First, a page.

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Meadow Brown Maniola jurtina

The Meadow Brown is another frequent visitor to our garden. This too is a typical woodland species, commonly seen in meadows near woodlands. Just like the Ringlet it is a dark brown species (this applies to the males especially), so it often flies about unnoticed. Often we see three to five specimens in our garden at the same time. The females have a dark orange patch in their wings, the males are almost entirely dark brown. On the backside of the wings the differences are that males have less contrast than the females. That is why the animal in the top picture probably is a male. The animal in the second picture from the top definitely is a female.
The female of the Meadow Brown does look like the Gatekeeper, a related species, which we have not seen in our garden yet. In some books and on some websites the difference between the two species is often indicated to be the eye spot on the front wing. The Gatekeeper always has two white spots in the black blob and the Meadow Brown just one. So when we took our first pictures of the animal shown in the pictures in the fourth picture from above to the left, we were happy to believe it was the Gatekeeper we had been photographing, for the animal shows a beautiful 'double eye'. Unfortunately both Albert de Wilde and Tim Cowles had to correct us: double-eyed Meadow Browns really are a rarity, but they do exist. The difference between the Gatekeeper and the Meadow Brown becomes clear, studying the backside of the wings: the gatekeeper has a few small eyes there, the Meadow Brown doesn't. In Britain the Gatekeeper is common in the south of England only and is absent in Wales, Scotland and Ireland, so no worries of mixing up the species over there.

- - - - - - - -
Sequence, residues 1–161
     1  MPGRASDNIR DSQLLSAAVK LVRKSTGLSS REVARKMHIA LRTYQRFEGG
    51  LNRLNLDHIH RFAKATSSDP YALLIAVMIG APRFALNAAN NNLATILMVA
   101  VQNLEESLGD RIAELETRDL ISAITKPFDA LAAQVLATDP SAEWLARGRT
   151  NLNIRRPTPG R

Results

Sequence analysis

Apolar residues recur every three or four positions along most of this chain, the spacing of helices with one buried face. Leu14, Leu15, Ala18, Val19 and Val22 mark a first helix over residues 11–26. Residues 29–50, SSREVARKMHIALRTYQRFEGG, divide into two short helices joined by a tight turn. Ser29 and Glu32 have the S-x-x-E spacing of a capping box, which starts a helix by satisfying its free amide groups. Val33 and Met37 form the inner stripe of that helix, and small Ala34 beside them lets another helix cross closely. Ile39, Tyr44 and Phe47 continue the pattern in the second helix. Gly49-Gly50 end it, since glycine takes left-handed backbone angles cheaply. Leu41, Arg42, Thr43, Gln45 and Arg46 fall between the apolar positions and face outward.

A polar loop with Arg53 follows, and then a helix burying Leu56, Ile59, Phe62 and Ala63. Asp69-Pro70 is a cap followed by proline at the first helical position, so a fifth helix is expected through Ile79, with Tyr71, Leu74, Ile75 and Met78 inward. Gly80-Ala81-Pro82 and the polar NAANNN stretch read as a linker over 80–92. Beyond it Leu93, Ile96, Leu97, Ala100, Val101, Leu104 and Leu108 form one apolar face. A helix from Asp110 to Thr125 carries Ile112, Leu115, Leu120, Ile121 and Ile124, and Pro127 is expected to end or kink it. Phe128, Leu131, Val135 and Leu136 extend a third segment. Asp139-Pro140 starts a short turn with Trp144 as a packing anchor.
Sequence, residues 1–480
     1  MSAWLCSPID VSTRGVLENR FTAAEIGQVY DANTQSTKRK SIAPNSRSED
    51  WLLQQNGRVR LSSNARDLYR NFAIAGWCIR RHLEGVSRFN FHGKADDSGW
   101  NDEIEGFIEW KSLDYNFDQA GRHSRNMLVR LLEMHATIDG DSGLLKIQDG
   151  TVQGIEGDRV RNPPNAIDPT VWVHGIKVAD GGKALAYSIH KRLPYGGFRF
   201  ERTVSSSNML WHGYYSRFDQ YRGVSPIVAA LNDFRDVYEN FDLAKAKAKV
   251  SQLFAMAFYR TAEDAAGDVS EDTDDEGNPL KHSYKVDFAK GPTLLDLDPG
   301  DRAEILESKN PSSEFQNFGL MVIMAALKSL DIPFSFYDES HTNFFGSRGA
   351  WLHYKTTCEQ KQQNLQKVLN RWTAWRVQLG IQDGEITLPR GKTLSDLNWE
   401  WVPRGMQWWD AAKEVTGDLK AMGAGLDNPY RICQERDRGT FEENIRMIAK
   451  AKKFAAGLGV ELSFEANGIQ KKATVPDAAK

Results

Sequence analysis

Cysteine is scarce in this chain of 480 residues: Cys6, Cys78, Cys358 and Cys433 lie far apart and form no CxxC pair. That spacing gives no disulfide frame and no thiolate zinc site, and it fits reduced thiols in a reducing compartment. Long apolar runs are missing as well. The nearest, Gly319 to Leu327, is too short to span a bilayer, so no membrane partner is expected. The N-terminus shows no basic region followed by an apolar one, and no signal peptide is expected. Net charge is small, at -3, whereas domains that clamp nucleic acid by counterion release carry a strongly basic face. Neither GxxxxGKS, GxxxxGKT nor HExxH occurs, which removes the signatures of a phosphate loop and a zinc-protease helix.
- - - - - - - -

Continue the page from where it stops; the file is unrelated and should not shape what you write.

The Meadow Brown is a common species all over the British Isles. It is on the wing from May to September, even though just one brood is produced. In northern parts of Britain (noticeably Scotland) it flies in June and July only. This species is common on the continent as well and can be found not only in Europe, but in many parts of Central Asia and Northern Africa as well. In the hot southern parts of Europe and Northern Africa it oversummers. Reaching a wingspan of up to 48 mm it is clearly bigger than the previous species. The larva is green and lives on a great variety of grasses. The colour of the pupa is extremely variable: green, yellow, brown, red or even purple.